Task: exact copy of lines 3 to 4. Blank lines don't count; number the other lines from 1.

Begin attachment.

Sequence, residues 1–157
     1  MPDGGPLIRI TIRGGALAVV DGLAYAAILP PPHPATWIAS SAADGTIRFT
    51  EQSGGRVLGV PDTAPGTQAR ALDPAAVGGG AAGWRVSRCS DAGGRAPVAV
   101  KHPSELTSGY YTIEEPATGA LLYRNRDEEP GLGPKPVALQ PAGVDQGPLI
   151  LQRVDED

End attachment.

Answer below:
    51  EQSGGRVLGV PDTAPGTQAR ALDPAAVGGG AAGWRVSRCS DAGGRAPVAV
   101  KHPSELTSGY YTIEEPATGA LLYRNRDEEP GLGPKPVALQ PAGVDQGPLI